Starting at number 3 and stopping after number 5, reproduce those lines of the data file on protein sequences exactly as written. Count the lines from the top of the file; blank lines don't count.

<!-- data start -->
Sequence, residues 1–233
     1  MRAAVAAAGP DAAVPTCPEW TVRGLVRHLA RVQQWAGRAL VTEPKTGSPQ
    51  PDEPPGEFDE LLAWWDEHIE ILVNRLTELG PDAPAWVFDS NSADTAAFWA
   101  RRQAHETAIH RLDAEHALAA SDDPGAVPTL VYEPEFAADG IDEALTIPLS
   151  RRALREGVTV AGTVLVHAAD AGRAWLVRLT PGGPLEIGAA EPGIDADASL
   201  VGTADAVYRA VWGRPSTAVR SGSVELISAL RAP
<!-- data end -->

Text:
    51  PDEPPGEFDE LLAWWDEHIE ILVNRLTELG PDAPAWVFDS NSADTAAFWA
   101  RRQAHETAIH RLDAEHALAA SDDPGAVPTL VYEPEFAADG IDEALTIPLS
   151  RRALREGVTV AGTVLVHAAD AGRAWLVRLT PGGPLEIGAA EPGIDADASL